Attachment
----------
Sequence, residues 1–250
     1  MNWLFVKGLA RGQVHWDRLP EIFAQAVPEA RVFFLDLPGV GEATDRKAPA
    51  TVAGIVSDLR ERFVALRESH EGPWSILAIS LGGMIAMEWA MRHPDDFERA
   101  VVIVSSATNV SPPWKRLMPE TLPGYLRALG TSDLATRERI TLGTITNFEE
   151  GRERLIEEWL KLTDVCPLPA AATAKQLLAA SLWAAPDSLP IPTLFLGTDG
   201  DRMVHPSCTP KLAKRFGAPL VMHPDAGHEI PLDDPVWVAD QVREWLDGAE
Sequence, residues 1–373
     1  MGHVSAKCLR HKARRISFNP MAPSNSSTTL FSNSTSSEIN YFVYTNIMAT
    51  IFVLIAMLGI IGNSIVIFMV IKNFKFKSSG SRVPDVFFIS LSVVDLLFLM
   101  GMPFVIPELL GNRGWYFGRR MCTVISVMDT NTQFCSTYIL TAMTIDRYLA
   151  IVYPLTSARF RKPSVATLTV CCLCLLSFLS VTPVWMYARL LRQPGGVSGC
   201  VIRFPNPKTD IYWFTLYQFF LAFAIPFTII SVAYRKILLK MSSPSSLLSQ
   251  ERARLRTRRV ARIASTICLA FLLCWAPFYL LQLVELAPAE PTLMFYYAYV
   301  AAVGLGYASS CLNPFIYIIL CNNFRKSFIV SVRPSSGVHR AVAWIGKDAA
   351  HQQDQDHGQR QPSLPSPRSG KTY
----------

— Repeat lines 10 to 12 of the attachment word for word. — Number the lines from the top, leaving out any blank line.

   101  GMPFVIPELL GNRGWYFGRR MCTVISVMDT NTQFCSTYIL TAMTIDRYLA
   151  IVYPLTSARF RKPSVATLTV CCLCLLSFLS VTPVWMYARL LRQPGGVSGC
   201  VIRFPNPKTD IYWFTLYQFF LAFAIPFTII SVAYRKILLK MSSPSSLLSQ